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Re-entry stage two

I don’t know if there are stages, but after my initial impressions our real re-orientation began, and learning about a new place too. It’s all mixed in together. Here are ten observations 5 weeks in.

  1. We are not as tired this time. During our first year in Tanzania, we were pretty much in bed by 8pm every single night and needing a nap in the middle of the day. Re-entry is tiring, but it’s not that tiring!
  2. Our Swahili might be rough but it’s enough to communicate, even quite complicated things like giving directions to our home, or instructing tradesmen. There are words I used to know that I can’t call to mind at the right time, but I have enough to explain what I want to say in a more round about way. Even though I feel my Swahili is much more limited right now, I get complimented because my grammar is established, so it sounds like I know what I’m doing!
  3. Dar is much more cosmopolitan than Dodoma, with a huge white expat community centred around the peninsula, and of course, the Wahindi in our part of town. Tanzanians here dress differently (they call it western dress though it doesn’t follow western fashion trends), and are more competent in English.
  4. Dar is stacks more expensive, even for things like groceries, but especially for labor or services, everything from taxi driving to cleaning to what’s expected for gifts.
  5. You shop in a different way in Dar. You can go into the big market like I did in Dodoma but it’s a bit of a hike, but there are also supermarkets (depending on where you live of course), and here in Upanga fruits and vegetable sellers come to our door every day.
  6. The suburb in which we’re living is like a little oasis in the middle of the city, and it operates like a village. People prefer not to leave Upanga, and try to do everything here.
  7. I have not yet been told to put socks on my baby because he is cold. Dar is apparently warm enough for babies, even by Tanzanian standards. Outside, that is. If a room’s air conditioned, people’s concern re-emerges. They tell me to put a jumper on Callum, or they immediately turn the air conditioning off for his benefit. I think I see less public breastfeeding around too, but nevertheless I’ve been instructed very forcefully to breastfeed Callum if he’s making a noise, whether I’m on the street or in a department store.
  8. Dar offers opportunities for respite that were unavailable to us in Dodoma. I feel like day to day was better in Dodoma, without the filth and busyness of big city life, but it was always the same. There was no western-style cafe, or bakery that sold real bread, or decent takeaway options. OK, so these things are all about food, but the point is, there are more perks in Dar. Something has to make up for the climate I guess!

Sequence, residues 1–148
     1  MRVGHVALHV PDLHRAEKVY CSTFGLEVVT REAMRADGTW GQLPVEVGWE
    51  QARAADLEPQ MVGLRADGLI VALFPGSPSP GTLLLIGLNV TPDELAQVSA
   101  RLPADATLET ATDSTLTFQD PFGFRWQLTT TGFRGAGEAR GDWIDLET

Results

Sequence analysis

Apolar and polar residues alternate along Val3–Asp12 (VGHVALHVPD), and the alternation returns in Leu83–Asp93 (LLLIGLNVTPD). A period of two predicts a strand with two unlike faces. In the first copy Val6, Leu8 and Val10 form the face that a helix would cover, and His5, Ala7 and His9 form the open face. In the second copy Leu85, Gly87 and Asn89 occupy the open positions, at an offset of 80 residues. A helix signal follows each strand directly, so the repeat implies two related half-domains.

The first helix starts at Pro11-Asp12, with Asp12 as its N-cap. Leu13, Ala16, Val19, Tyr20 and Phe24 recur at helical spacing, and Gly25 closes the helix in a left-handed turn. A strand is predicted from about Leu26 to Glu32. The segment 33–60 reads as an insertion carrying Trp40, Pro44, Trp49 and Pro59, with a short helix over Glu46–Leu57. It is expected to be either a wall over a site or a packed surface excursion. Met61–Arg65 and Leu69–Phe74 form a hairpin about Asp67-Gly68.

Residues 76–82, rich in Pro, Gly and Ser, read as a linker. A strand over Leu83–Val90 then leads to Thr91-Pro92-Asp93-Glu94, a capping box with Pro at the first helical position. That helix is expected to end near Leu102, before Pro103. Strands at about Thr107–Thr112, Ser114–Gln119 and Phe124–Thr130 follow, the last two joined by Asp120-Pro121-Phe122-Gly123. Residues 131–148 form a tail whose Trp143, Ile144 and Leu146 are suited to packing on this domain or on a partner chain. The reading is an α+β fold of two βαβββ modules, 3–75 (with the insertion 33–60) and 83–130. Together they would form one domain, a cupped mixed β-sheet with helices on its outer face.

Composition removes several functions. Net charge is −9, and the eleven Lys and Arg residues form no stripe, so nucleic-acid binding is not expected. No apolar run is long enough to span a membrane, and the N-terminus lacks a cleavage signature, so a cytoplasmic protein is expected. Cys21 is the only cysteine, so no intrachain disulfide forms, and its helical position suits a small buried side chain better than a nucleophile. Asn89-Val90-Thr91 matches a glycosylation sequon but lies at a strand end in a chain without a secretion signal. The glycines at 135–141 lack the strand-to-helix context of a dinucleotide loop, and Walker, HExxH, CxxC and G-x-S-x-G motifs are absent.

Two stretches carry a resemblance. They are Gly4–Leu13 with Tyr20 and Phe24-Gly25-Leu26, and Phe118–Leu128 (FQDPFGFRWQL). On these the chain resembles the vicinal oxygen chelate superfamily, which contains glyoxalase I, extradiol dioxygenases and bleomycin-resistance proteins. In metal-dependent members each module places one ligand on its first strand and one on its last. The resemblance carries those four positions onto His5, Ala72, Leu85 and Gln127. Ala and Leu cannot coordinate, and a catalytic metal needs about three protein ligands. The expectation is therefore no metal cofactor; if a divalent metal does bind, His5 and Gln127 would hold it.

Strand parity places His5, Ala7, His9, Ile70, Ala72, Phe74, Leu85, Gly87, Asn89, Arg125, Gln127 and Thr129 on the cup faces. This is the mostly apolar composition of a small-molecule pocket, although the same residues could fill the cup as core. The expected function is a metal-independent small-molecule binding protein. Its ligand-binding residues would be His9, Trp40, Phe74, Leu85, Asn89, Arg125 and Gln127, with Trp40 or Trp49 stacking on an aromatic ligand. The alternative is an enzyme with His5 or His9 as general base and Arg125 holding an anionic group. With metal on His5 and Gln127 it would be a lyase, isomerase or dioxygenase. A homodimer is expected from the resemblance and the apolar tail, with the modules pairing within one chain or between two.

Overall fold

9. We’re enjoying Tanzania’s pluralist society. In contrast to some of the hysteria in Australia around Muslims coupled with fear about losing historic Christian privilege, it’s refreshing to be part of a society where there are public holidays for Eid, where churches advertise openly, and where you can talk about these things with people regardless of your religious affiliation or theirs.
  10. Our bodies need to function differently here. Not only do they need to acclimatise to the heat and humidity, we have all developed skin infections. Someone in Dodoma once said it’s because Tanzania is not an aseptic environment like Australia, and that’s true in the city as well, perhaps even more so because the filth is more concentrated. Even little paper cuts easily get infected at the moment, so we are using lots of salt water, and glad that we brought a little bottle of Betadine!

Categories: Tanzanian culture Uncategorized Written by Tamie

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Tamie Davis

Tamie Davis is an Aussie living in Tanzania, writing at

3 replies

  1. Hey! What do you mean by “not an aseptic environment”? I googled it and I got things like people not washing hands or believing in germ theory… is that what you meant?

    1. Tanzanians themselves are very on top of hand washing and concerned about hygiene. But lots of homes have outdoor toilets without plumbing, and even in our suburb where there are pipes, etc it’s not uncommon for there to be open sewage in the street because they’re blocked or whatever. So there’s literally more crap around in the air, maybe especially so during the ‘windy season’ which it is at the moment.

      1. Yep I strongly suspected you didn’t mean what Google provided so wanted to hear directly rather than make any assumptions! That makes sense re plumbing.

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